ABOUT ENDANGERED SPECIES
Dr. William M. Turner
The Endangered Species Act (ESA) was passed in 1973 by Congress. It is now producing new demands for scarce western water resources that will certainly affect the cost of water for all users. The enforcement of the ESA is most complicated and far reaching when applied to habitat and species that rely on water. The ESA is already adding volatility to public policy.
Constructed water projects always affect the natural environment and species habitat. In the West, constructed water projects of one sort or another have been going on for decades. The most recent proposed project is the Animas-La Plata Project which Congress promised years ago to ensure the Southern Ute Tribe of Utah their fair share of San Juan River water. This project is running into rough sledding because we now know that such projects can unalterably affect habitat and threaten certain species of plants and animals. We were not as wise in the past and people came to rely on the "benefits" of the constructed projects. So much so that any alteration in the operation of the projects, can directly threaten the livelihood of people who now make their life from the projects.
Rivers and streams have been impounded and diverted for agricultural, recreational, electrical power generation and domestic water supply purposes with no regard for the impact on the environment. The filing of swimming pools and the watering of lush, verdant landscapes has been a major regional activity for many years in the West. Many of these construction projects have been funded with federal dollars and are wrapped in layers of federal laws and regulations which protect the federal investment until the federal government is paid off. Many projects are reluctant to pay of the federal debt because the conflict between federal and state law allows project administrators to use whatever legal framework is to their advantage.
About 60 percent of the animals on the national threatened or endangered species list are either totally aquatic or need an aquatic ecosystem to complete their life cycle. In Arizona 27 fish and 11 amphibians are of special concern. Of threatened animals in Arizona four mammals and 25 of the 42 listed birds are found primarily in riparian habitat.
In New Mexico along the Rio Grande, the silvery minnow and the willow flycatcher are endangered species that depend on the aquatic and riparian habitat.
Because rivers of the West commonly flow through several states, individual states may be helpless to control river flows to protect endangered species. Furthermore, the irregular flow of rivers adds to the problem of maintaining viable habitat. River flow is administered under interstate stream compacts that were put in place when there was a poor understanding of the hydrological cycle in the western river basins and incomplete information. They were put in place at a time when water needs were modest and presently endangered species were not seriously threatened. Now that water use is up interstate stream commissions find themselves unable or unwilling to cope with the 1000-pound environmental gorilla.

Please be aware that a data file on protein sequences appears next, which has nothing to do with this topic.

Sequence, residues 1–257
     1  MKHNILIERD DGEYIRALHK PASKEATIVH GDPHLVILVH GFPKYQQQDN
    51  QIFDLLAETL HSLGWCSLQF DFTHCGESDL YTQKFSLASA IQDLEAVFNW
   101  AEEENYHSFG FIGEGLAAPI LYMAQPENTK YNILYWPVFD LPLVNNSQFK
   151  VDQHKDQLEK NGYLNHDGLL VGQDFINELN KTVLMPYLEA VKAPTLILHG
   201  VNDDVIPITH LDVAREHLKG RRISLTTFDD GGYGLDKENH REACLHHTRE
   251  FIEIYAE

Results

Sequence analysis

Maintaining instream flows to protect endangered species will require drastic changes in the administration of water which will adversely impact many lives. For example, in New Mexico, the City of Albuquerque stores 200,000 acre feet of its Upper Colorado River (San Juan/Chama) water in Abiquiu Reservoir where a great deal evaporates. The water storage was authorized to hold the San Juan-Chama water until Albuquerque needs it. Albuquerque can't take delivery of the water until at least 2006 and Abiquiu Reservoir cannot physically hold all of the San Juan-Chama water. In the West, the courts have held that water cannot be wasted and the evaporation of water from Abiquiu Reservoir can hardly be justified in the face of water shortages on the Rio Grande caused by drought and essentially unmeasured diversion by the Middle Rio Grande Conservancy District for irrigation. It is clear that in the future, channel and off-channel storage of water will be curtailed as downstream demand and in-stream flow requirements for the protection of endangered species increases. This will put people who depend on water recreation and fishing out of business in favor of farmers and endangered species.
To protect the economic livelihood of those who do depend on the recreational use of water, water rights on the Rio Grande must be purchased and retired to provide instream flow to protect the silvery minnow. In an attempt to forestall the day when the piper must be paid, the Middle Rio Grande Conservancy District filed applications to drill five water wells in the lower part of its service area. The idea was to pump ground water into the river rather than curtailing agricultural uses of water. This application was protested for many different reasons one of which was that because the ground water ultimately flows into the river it is actually the surface water which will be used. The protest has yet to be heard but the use of ground water for the silvery minnow has been blocked for the moment.
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